San Francisco, Jan 1, 2018: Contrary to the reports of Apple launching a video subscription product in 2018 to counter Netflix, analysts from Citi have said that the iPhone maker could possibly buy the entertainment company by taking advantage of US President Donald Trump’s corporate tax cut.
According to Citi analysts, Jim Suva and Asiya Merchant, there is a 40 per cent likelihood that Apple will acquire Netflix. Under the new taxing rules, the tech giant will be able to repatriate about $220 billion in cash to the US.
“The firm has too much cash — nearly $250 billion — growing at $50 billion a year. This is a good problem to have,” Suva and Merchant were quoted as saying.
“Historically, Apple has avoided repatriating cash to the US to avoid high taxation. As such, tax reform may allow Apple to put this cash to use. With over 90 per cent of its cash sitting overseas, a one-time 10 per cent repatriation tax would give Apple $220 billion for mergers and acquisitions (M&A) or buybacks,” they added.
A report in business insider said that iTunes has been a huge hit for the company, but viewers have migrated increasingly to services like Netflix, Amazon or Hulu to watch their favourite shows leaving Apple struggling to offer a compelling TV or movie offering.
In September 2017, reports poured in that Apple might lease the Culver Studios in California as it plans to pour $1 billion into TV and movie productions.
The battle for best movie scripts and television projects intensified between tech giants in the Silicon Valley. Google-owned YouTube is already producing original television series and Amazon has won Oscars for “Manchester by the Sea” show.
The iPhone maker has already hired top Hollywood talent Sony duo Jamie Erlicht and Zack Van Amburg to lead its Hollywood push and is reportedly developing a new TV show that will star Reese Witherspoon and Jennifer Aniston. (IANS)
A disagreement between both the companies fires up their rivalry.
Although Amazon is working fine with Apple TV, The disagreements with Google are not seeming to end.
This rivalry has made Roku, the biggest streaming service in the U.S.A.
The feud between Amazon and Google continues today with the early removal of YouTube from the Fire TV – a move Google had said wouldn’t take place until January 1, 2018. But as a number of Fire TV owners have now noticed, launching the YouTube app today informs you that you can choose to watch “YouTube and millions of other websites” by using a web browser. You then have the option to choose from Amazon’s own Silk browser or Firefox, with a click of a button.
The disagreements between the companies that led to this consumer-unfriendly stance go back several years.
Google hasn’t been happy about Amazon’s anti-competitive nature when it comes to allowing rivals to sell their own hardware items – like smart speakers and media players – on Amazon.com. The retailer has long refused to stock devices that competed with its own – like Apple TV, Chromecast, Google Home, and others – in an effort to promote Amazon products like Echo speakers and Fire TV.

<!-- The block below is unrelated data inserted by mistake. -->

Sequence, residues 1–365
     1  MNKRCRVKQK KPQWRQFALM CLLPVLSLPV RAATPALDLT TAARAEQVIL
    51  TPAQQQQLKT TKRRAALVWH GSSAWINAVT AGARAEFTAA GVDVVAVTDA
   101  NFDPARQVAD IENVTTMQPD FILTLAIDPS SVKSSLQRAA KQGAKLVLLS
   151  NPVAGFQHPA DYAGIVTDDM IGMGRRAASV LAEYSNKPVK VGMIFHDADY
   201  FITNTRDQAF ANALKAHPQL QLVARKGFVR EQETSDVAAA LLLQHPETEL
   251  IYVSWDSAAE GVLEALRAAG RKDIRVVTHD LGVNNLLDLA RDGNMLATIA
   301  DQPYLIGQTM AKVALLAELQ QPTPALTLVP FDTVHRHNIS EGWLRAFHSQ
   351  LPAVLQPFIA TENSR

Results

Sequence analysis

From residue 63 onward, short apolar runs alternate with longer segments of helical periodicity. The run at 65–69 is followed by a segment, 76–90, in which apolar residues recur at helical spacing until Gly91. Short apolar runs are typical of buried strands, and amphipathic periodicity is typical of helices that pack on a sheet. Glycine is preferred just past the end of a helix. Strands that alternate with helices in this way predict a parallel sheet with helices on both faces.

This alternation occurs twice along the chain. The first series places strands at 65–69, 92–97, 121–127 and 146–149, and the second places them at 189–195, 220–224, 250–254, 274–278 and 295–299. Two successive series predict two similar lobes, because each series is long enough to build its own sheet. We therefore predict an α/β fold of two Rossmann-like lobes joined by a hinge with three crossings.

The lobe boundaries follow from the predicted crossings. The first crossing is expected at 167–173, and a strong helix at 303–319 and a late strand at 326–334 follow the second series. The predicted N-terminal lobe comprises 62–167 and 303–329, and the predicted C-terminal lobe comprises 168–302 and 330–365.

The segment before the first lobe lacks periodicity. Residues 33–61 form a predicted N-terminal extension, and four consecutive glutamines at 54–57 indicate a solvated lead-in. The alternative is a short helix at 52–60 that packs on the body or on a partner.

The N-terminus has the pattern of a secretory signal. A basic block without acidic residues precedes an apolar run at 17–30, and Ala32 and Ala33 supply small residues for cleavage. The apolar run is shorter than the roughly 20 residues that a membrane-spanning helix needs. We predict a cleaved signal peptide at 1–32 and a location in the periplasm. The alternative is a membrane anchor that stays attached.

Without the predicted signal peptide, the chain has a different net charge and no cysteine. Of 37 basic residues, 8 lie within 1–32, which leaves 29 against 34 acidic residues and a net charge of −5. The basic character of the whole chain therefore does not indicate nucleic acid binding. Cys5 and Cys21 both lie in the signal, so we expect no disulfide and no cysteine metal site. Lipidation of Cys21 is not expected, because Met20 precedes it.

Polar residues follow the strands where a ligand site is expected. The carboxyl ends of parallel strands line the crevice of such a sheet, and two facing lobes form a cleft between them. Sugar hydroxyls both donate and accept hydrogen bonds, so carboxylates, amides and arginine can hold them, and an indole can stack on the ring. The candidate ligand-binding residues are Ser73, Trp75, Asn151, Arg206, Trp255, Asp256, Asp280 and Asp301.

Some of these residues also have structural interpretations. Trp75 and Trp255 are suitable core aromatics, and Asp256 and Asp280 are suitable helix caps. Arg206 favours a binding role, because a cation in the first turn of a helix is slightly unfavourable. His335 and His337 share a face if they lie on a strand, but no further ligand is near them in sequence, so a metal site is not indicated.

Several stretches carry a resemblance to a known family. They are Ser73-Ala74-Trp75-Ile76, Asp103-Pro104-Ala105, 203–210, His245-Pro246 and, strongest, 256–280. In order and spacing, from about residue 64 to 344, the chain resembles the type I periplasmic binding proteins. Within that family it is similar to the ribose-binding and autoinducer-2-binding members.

However, Amazon and Apple recently negotiated an agreement that brought the Apple TV back to Amazon and Amazon’s Prime Video app to Apple TV.
Meanwhile, it seemed discussions between Amazon and Google were improving earlier this month when the Chromecast and Chromecast Ultra reappeared on Amazon.com. (They’re still showing as “currently unavailable,” however.)
The other issue at hand was that Amazon had launched its own version of Google’s YouTube player for its Echo Show device, without working with Google to ensure core features were accessible. There’s been quite a bit of back and forth on this matter, with Google pulling that player, only to have Amazon surreptitiously work around the block by implementing a web version of YouTube instead.
That led Google this month to declare that it would pull YouTube entirely from Amazon’s hardware lineup, including Fire TV. The player was yanked immediately from Echo Show, but Fire TV owners were told that the app would work until January 1, 2018.
It would be unusual for Google to actually pull the YouTube app ahead of its deadline, which indicates this change – to point YouTube users to web browsers instead – may have come from Amazon’s side.
That theory is further backed up by the fact that sideloading the YouTube app onto Fire TV will continue to display the “warning” message, according to a report from AFTVNews.com and commenters on Reddit.
However, it’s unclear if Amazon’s choice to redirect YouTube users to web browsers ahead of schedule is fully rolled out. One report from Cord Cutter News said you’ll only see the browser choice screen if you have a browser installed on your Fire TV, for example. (Update: a recompilation of the app’s code, though, indicates the app has been changed to only point to the web browser – no matter if you have one installed or not.)
On two Fire TV devices we have here (a prior generation and new generation player), we’re only seeing the browser choice screen as of today. And many users worldwide are reporting the same, per Twitter.
We’ve reached out to Amazon and Google for comment. Google has not responded, but a rep from Amazon offered the following statement:
“I can confirm that YouTube and millions of other websites are accessible by using a web browser like Firefox or Silk on Fire TV.”
With all this drama, is it any wonder that Roku is the top streaming device in the U.S.?
Consumers don’t want to be jerked around like this all because two competitors can’t work out a reasonable solution that serves both their interests. At the end of the day, Amazon and Google only hurting themselves by alienating their overlapping customer base – a group that easily could (and probably should) switch to Roku at this point. IANS